UEA’s singing lecturer

UEA nursing lecturer Stephen Smith, who specialises in nursing neuroscience and specialist care for patients with neurological diseases, has been making headlines with his unusual twist on the usual teaching methods. Smith uses songs in some of his lectures to help his students remember course content.

“They have a lot to deal with, so I think that we have a duty as lecturers, if we can, to make the learning a bit lighter and to help memory, to save reading the same books so often” says Smith.

“The thing about songs, you’ve got a lot of things that help you remember stuff, you’ve got repetition, you’ve got rhyme, rhythm, that’s all stuff that lends itself to remembering.”

Music has long been a part of Smith’s life, and he describes how “It’s something I’ve always done, I come from a big family. It seems a strange thing but ever since being young I would get up at weddings, funerals, birthdays and do something about the people and the occasion.

“I learnt to play the guitar at about the age of 14 at school. I always ended up at a birthday or a wedding doing a rhyme, and by the time I learnt guitar it was a song.”

As well as helping with memory, Smith’s songs also help to express to students the human side of what they’re learning.

“Over the years, when I’ve nursed and engaged with families, people have told me their stories – and I’ve always asked permission – but I’ve put songs together that are what people have told me about their experiences,” Smith explains.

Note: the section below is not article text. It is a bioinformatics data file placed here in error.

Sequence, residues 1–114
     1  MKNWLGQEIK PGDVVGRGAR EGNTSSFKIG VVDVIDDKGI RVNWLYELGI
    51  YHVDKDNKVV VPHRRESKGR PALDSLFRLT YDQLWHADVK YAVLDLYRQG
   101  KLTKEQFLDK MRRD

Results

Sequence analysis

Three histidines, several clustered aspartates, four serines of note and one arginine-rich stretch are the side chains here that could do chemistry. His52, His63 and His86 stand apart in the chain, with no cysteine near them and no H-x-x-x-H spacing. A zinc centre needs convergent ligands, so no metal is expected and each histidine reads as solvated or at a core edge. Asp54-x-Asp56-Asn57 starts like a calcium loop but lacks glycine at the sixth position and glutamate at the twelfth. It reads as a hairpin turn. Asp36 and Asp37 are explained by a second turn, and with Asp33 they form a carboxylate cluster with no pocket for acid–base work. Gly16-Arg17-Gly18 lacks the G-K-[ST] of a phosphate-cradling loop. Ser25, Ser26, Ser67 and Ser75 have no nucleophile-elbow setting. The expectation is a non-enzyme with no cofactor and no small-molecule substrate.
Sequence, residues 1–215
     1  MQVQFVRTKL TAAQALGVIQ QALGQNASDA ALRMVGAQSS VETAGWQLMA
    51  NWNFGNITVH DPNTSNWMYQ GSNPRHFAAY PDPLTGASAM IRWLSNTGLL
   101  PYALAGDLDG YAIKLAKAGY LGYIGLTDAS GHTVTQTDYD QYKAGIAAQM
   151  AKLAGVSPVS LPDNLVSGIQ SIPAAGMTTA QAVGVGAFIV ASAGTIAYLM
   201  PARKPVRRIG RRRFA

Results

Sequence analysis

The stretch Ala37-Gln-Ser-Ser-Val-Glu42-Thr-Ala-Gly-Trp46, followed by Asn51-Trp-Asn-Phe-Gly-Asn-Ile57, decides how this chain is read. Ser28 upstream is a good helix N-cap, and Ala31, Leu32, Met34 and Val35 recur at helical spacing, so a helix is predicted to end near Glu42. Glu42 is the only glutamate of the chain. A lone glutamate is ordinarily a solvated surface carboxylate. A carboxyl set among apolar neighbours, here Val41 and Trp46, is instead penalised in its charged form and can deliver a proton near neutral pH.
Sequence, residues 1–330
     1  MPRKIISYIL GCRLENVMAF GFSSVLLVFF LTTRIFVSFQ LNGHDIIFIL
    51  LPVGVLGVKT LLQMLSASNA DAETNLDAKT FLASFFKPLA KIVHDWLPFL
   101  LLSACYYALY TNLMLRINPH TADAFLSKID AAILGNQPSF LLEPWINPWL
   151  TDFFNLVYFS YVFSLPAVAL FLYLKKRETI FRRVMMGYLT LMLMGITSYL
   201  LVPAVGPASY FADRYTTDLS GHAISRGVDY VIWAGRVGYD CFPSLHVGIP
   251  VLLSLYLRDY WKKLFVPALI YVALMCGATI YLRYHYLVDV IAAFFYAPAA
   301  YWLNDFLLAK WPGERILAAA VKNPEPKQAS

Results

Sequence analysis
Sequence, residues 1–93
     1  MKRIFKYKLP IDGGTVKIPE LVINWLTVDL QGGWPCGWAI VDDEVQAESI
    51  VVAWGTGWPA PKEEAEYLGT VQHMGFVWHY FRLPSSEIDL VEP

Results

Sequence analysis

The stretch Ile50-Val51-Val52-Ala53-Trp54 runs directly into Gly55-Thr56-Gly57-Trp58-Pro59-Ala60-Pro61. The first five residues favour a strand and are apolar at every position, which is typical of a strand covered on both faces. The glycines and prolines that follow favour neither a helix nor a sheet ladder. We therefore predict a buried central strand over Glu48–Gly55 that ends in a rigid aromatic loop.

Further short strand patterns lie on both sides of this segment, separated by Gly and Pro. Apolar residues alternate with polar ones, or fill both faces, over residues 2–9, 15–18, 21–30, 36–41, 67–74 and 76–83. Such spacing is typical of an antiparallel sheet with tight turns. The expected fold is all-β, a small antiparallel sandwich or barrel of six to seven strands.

“So, some of the songs are quite emotive, and I can’t really take credit for the fact that they are emotive, it is just what people have told me and I try to stick fairly faithfully to that. That sticks in people’s minds.

“What you’re trying to convey is not just the academic facts, but that this is how it hits people, and that you need to be aware of that when you go out there to practice.”

Lectures haven’t been the only outlet for his musical flair, and recently Smith has been performing at local folk clubs. ‘I’ve been surprised how well it’s gone down,’ he said. “At folk clubs I keep the range of topics really broad.”

Smith believes though that in a casual setting his more academic songs can still be relevant. “everyone knows somebody who has dementia, most people know of someone who’s had a stroke, a lot of people know people with Parkinson’s,” he said.

The recent flurry of media attention is a welcome change for the long serving UEA lecturer, who explained that, in cooperation with his son: “We’ve made a couple of CDs, and we’ve had a bit of success, they’ve been played on quite a few radio stations. I’ve been doing songs in lectures for 20 years, but I don’t think anyone’s ever taken much notice except the students!”

His songs have also attracted attention from within academia though, and Smith explains that for the past 20 years: “I’ve never had a year when I wasn’t invited somewhere internationally to give a talk. It’s caught on that I’ll play a song at the end too, so I tend to do that, and it’s got me around the world!”

Positive feedback from both current and ex-students are what encourages Smith to carry on singing. “I think I’d really think again if I ever got a bad reaction or even a non-reaction,” he explains. “When we were on radio Norfolk somebody phoned in and said to them, ‘I am now a qualified nurse, some years ago I was there [at UEA] and Steve was a lecturer. I can still remember the choruses and it really helped me learn’”.


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Ted Tuthill-Jones

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August 2021
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